Minnesota lawmakers on Saturday night
approved a constitutional amendment banning gay marriage, sending it
to voters for their approval, the Star-Tribune reported.
After roughly five hours of often
emotional debate, House members voted 70 to 62 in favor of Republican
Representative Steve Gottwalt's amendment, which seeks to define
marriage as a heterosexual union in the Minnesota Constitution,
thereby banning gay and lesbian couples from marrying. Minnesota
currently bans such unions by law, but supporters say the law remains
vulnerable to legal challenges without the amendment.
“This is not about hatred, it is not
about discrimination or intolerance,” Gottwalt told House members,
insisting his measure only asked voters to decide the issue.
“This allows the people of Minnesota
to decide if the definition of marriage should be placed permanently
in the state Constitution,” he said.
Republican Representative Tim Kelly
urged lawmakers to reject the amendment: “If we put this amendment
on the Constitution, we are taking a giant step backwards.”
Minnesota's upper chamber has already
approved the amendment.
The House delayed an expected vote on
Friday after an opening prayer by youth pastor Bradlee Dean, an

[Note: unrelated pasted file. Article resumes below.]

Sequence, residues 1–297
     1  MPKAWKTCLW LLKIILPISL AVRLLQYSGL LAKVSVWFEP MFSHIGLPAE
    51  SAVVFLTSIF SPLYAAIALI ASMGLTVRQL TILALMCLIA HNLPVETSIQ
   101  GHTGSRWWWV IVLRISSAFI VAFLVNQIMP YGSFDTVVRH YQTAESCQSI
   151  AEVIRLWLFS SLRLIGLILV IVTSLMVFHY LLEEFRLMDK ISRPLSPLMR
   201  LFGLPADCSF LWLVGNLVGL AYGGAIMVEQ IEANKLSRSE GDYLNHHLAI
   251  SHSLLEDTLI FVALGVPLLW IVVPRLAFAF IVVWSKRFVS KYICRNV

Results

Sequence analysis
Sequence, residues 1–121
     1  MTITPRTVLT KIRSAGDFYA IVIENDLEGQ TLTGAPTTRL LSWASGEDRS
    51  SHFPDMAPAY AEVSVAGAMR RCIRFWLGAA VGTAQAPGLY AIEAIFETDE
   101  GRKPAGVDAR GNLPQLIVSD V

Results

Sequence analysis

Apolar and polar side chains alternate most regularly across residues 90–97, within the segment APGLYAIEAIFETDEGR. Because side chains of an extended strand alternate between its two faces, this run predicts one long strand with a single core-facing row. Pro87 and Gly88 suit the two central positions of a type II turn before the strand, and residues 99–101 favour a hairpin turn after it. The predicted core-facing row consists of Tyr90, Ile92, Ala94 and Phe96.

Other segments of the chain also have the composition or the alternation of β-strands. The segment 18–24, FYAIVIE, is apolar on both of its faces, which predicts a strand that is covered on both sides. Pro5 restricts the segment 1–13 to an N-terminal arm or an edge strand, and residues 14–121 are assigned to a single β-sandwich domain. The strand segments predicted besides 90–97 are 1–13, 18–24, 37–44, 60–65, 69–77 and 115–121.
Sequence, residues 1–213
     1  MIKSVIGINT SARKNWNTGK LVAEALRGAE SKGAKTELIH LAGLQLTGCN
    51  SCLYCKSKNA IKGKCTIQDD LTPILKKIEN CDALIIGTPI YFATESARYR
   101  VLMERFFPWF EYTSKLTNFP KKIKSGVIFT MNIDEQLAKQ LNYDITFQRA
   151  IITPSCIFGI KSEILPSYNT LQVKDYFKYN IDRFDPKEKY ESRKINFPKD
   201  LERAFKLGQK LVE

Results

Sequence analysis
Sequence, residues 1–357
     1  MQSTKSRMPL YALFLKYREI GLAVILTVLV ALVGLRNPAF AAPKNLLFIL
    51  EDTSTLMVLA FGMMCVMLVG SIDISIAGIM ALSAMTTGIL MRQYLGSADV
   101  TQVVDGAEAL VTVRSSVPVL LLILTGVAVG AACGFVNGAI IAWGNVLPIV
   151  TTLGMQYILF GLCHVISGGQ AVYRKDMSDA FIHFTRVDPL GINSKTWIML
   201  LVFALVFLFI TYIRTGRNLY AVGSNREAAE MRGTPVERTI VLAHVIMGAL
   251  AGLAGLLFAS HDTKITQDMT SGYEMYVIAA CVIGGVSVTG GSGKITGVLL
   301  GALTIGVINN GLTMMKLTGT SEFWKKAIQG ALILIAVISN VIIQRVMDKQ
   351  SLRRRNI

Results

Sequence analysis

opponent of gay rights, threw
the chamber into disarray. Dean, who helms the ministry You
Can Run But You Can't Hide International, suggested President
Barack Obama and Democrats are not Christians. House Speaker Kurt
Zellers said he was “offended at the presence of Bradlee Dean on
the floor of the Minnesota House of Representatives.”
Earlier in the week, Democratic
Governor Mark Dayton pledged to fight the effort with “every fiber
of my being” and predicted voters would reject it at the ballot
“I think Minnesotans have much more
compassion and understanding than they recognize and I think it will
be defeated next year,” Dayton told reporters.
On Thursday, opponents
of the measure released a compilation of sound bites from testimony
heard on the amendment.